Tom Wilkinson, Ewan McGregor and Colin Farrell star in Woody Allens Cassandras Dream.
In Woody Allens UK, where cash is king
By Steven Snyder
Woody Allen returns to form in serious fashion with Cassandras Dream, a movie named after a sailboat that two brothers buy even though they know they cant afford it. As they leave the dock in trendy sweaters and designer shades, taking their girlfriends out for a sunny afternoon cruise, Cassandras Dream becomes the embodiment of their vanity, their desperation for the better life.
Whatever obsession leads them to buy that boat in the first place is also what gives both Terry (Colin Farrell) and Ian (Ewan McGregor) the mental fortitude or is it moral bankruptcy? to commit a heinous crime for a family member, all in exchange for cold, hard cash. Unlike Match Point, Allens last great dramatic work which was more a murder mystery preoccupied with the fickleness of fate, Cassandras Dream is a character study of two deeply flawed brothers, made vastly more complicated by the ways in which their moral codes come to resemble sliding scales. Match Point was black and white; Cassandras Dream is all gray.
As much as Allens movies have always been preoccupied with an upper crust of liberal elites, Cassandras Dream is fascinated instead with the full spectrum of class and social status. Terry and Ian are the sons of a broke, married couple, privy to their routine fights over money mom berating dad for committing his life to the family business, a fledgling restaurant, while the family depends almost solely on rich uncle Howard (Tom Wilkinson) whose regular checks pay the bills.
Terry and Ian are big dreamers who have yet to turn those dreams into reality. Terry works as an auto mechanic by day and gambles away his earnings on cards at night, his mood swinging wildly along with his luck at the tables. One day, hes up a few thousand and rushing to buy a house with his girlfriend; the next, hes tens of thousands of dollars in debt, running to his brother in a panic.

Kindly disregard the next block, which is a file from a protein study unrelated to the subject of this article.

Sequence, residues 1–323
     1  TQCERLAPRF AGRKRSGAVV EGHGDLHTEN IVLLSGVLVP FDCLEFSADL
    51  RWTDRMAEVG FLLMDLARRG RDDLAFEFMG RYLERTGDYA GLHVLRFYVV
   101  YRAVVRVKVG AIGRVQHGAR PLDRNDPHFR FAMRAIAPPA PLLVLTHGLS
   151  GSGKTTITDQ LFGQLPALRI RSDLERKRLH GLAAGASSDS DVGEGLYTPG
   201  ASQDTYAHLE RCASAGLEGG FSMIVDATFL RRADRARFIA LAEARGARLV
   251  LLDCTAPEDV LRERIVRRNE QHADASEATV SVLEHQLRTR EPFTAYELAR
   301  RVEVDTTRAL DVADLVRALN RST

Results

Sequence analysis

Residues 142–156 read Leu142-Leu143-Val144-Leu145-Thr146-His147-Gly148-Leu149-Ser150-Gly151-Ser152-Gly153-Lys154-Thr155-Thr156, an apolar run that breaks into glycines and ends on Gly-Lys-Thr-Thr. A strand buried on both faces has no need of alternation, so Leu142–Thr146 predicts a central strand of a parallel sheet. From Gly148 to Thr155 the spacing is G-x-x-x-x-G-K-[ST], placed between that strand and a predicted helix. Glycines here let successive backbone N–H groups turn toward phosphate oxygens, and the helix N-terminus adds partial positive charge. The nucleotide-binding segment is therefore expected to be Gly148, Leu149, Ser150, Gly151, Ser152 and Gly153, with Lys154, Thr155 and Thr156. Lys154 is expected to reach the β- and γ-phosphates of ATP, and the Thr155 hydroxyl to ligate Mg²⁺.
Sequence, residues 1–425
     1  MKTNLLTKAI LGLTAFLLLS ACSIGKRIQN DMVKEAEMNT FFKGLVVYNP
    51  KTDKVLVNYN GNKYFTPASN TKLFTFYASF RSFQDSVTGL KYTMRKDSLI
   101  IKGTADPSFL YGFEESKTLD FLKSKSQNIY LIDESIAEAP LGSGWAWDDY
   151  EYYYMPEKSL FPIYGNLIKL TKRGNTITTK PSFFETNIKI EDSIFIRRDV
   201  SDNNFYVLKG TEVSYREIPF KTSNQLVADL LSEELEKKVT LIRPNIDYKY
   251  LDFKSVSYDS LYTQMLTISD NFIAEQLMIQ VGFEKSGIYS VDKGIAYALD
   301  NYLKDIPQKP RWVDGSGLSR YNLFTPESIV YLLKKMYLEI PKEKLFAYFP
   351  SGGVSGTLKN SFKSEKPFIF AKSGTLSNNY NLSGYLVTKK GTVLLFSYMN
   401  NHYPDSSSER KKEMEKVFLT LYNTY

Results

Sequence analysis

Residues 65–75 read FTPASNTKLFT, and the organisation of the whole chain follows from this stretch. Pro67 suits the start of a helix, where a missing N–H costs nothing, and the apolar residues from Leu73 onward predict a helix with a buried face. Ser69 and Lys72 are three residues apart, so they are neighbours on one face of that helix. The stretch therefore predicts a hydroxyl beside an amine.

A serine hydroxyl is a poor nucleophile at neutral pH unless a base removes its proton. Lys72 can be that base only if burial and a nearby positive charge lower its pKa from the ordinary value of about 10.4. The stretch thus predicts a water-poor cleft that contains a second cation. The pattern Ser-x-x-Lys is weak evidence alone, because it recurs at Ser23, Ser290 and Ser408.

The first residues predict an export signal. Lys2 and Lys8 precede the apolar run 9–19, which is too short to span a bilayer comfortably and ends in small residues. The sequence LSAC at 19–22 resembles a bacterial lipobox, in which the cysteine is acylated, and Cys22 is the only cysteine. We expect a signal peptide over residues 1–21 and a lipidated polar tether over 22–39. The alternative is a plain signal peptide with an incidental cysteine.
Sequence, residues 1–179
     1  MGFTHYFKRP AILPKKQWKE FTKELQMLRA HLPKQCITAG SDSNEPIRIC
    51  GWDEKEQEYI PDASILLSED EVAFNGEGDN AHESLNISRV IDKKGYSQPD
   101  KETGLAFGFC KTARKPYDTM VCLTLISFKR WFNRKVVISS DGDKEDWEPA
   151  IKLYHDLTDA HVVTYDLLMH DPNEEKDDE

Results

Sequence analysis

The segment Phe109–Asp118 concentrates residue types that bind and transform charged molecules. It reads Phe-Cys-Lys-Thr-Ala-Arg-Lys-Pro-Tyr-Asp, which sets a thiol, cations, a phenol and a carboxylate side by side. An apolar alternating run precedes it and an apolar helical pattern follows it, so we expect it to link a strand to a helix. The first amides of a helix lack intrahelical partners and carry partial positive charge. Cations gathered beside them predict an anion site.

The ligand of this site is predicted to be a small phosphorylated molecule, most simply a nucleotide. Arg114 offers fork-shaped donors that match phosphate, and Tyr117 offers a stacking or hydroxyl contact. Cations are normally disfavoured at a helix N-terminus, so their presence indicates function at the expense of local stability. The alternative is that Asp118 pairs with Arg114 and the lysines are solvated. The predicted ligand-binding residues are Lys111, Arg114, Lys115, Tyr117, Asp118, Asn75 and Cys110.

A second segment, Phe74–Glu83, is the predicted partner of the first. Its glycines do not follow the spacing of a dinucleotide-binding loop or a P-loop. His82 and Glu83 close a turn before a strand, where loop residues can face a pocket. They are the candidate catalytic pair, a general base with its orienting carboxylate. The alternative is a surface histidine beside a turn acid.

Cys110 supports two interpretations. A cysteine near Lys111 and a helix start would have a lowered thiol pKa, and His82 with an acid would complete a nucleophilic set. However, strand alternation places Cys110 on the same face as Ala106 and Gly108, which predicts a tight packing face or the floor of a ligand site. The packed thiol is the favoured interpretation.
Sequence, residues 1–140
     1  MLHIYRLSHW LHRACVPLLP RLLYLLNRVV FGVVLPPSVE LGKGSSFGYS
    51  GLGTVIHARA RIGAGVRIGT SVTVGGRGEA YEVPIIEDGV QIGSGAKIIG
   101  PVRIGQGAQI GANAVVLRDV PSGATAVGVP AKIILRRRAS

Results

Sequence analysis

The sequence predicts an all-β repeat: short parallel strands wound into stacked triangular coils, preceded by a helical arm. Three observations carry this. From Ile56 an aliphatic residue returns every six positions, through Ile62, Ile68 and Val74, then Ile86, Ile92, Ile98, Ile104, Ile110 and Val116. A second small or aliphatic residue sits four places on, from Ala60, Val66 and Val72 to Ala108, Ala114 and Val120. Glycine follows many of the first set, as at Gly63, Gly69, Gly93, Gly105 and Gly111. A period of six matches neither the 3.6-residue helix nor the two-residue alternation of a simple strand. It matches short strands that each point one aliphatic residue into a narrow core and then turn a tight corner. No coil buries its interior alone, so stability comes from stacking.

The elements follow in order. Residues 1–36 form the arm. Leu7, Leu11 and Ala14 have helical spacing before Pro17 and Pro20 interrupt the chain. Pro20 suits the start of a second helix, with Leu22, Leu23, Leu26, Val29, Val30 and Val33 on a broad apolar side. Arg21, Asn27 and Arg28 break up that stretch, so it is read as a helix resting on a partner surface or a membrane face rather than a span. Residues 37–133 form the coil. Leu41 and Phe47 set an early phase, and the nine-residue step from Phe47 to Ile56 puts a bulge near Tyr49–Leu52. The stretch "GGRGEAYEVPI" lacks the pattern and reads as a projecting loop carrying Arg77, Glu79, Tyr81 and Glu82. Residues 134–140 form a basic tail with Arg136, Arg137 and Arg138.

Ian is less transparent about his financial fudging, but no less extreme in his duplicity. He works in his dads restaurant, but rather than gambling on cards, he gambles all his hopes and dreams on an American hotel project thats still in the planning stages a sizeable investment hes desperately trying to raise the money for.
Everything changes when he meets Angela (Hayley Atwell), an aspiring upper-class actress, one day out in the country. Dressed in his finest clothing, driving a sports car he borrowed from Terrys shop and posing as a hotel developer, Ian suddenly faces the prospect of marrying an actress and nudging his way into upper society. Yet as he continues to play this wealthy persona, the more his money troubles threaten to swamp him.
Money, and its hold over our happiness, is the central theme of Cassandras Dream, and in each character we see the notion of greed butting up against his natural desire to be a good and decent person. Terry and Ians parents may argue incessantly about money, but in one quick cutaway, as they wash the dishes in the kitchen, we realize that deep down they share an immense love and respect for each other. In their sons, we sense a different evaluation of good and bad underway.
When rich uncle Howard offers Terry an open line of financing if he and his brother aid him with a crime, Terry seems devastated by the line hes crossed while Ian seems more than able to file it away, chalking it up as a means to an end. Bit by bit, were pushed to the brink right along with them dared first to ponder what wed be willing to do to get that boat and that money, and then rebuffed with the prospect of just how much guilt we would be able to withstand.